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Pantheon (gods)

A pantheon (from Greek Πάνθειον - pantheion, literally "a temple of all gods", neut. of πανθείος - pantheios, "of or common to all gods", from παν - pan, "all" + θείος - theios, "of or for the gods", from θεός - theos, "god") is a set of all the gods of a particular polytheistic religion or mythology.

Max Weber's 1922 opus, Economy and Society discusses the link between a pantheon of gods and the development of monotheism.

Pantheon can also refer to a temple or sacred building dedicated to all the gods of a particular religion. The most famous such structure is the Pantheon of Rome, built in the year 27 BC to honor the Roman gods. It was later renovated for use as a Christian church after the fall of the Roman empire.

Specific pantheons

Figurative use

Since the 16th century the word has also been used in a secular sense, meaning a set of exalted people. This meaning, in modern parlance, is often used to describe the rise of a person into that exalted group, e.g., "Mick Jagger has joined the pantheon of rock megastars."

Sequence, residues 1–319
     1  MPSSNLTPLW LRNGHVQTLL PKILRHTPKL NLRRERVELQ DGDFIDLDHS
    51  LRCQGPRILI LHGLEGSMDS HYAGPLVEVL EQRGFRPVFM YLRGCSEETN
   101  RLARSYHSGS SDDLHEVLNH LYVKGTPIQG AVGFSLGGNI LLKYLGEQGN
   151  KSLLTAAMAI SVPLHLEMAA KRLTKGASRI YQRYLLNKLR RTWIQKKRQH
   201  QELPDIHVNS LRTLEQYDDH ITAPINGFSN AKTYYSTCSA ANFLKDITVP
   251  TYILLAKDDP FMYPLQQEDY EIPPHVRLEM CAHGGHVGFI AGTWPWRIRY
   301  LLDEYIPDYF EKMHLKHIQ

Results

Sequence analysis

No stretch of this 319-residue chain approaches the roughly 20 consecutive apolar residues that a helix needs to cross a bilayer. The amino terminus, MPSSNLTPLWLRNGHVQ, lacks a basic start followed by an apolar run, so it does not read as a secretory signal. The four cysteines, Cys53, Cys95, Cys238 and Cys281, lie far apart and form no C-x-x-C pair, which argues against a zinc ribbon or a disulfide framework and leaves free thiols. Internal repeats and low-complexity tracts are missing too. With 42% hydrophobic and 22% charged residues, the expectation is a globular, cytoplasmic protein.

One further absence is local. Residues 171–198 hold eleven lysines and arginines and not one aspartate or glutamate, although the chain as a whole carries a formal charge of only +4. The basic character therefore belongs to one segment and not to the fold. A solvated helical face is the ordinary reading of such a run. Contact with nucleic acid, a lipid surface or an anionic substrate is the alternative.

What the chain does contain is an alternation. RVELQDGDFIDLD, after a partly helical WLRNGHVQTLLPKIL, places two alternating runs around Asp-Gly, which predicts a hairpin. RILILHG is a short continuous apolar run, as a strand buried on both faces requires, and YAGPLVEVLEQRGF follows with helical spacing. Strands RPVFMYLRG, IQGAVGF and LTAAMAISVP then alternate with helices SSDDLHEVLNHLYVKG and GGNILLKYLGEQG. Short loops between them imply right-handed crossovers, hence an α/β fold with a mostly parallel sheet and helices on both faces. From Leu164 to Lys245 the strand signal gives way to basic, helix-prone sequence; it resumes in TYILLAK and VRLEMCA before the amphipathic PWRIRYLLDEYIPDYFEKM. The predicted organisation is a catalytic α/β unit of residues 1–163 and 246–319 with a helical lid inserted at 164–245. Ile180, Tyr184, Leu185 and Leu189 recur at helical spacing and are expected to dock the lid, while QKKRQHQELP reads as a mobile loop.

Popular culture

The term has more recently been used in fictional universes, such as H. P. Lovecraft's Cthulhu Mythos, the Marvel universe and DC universe, and in numerous role-playing games, particularly the Dungeons & Dragons multiverse. In each, different pantheons of gods from classical literature and religious systems co-exist alongside more recent fictional creations of game writers. Such a system was the basis of the AD&D tome, Deities & Demigods. In the Cosmology of Warcraft, in the first chapter "the Pantheon" is a group of metallic like gods who begin creating order, life and crafting the worlds.

In the Kingdom Come comic series by Mark Waid and Alex Ross Pantheon Gods are seen discussing the fate of mankind while Spectre, Norman Mccay and Deadman intervene.

In Hyde School Reunion, an episode of the television show Charmed, the word is used in a High School yearbook to describe the popular kids.

References

  • Wrigley, Richard & Craske, Matthew (2004), Pantheons transformations of a monumental idea. Ashgate Publishing, Ltd., ISBN 0754608085.

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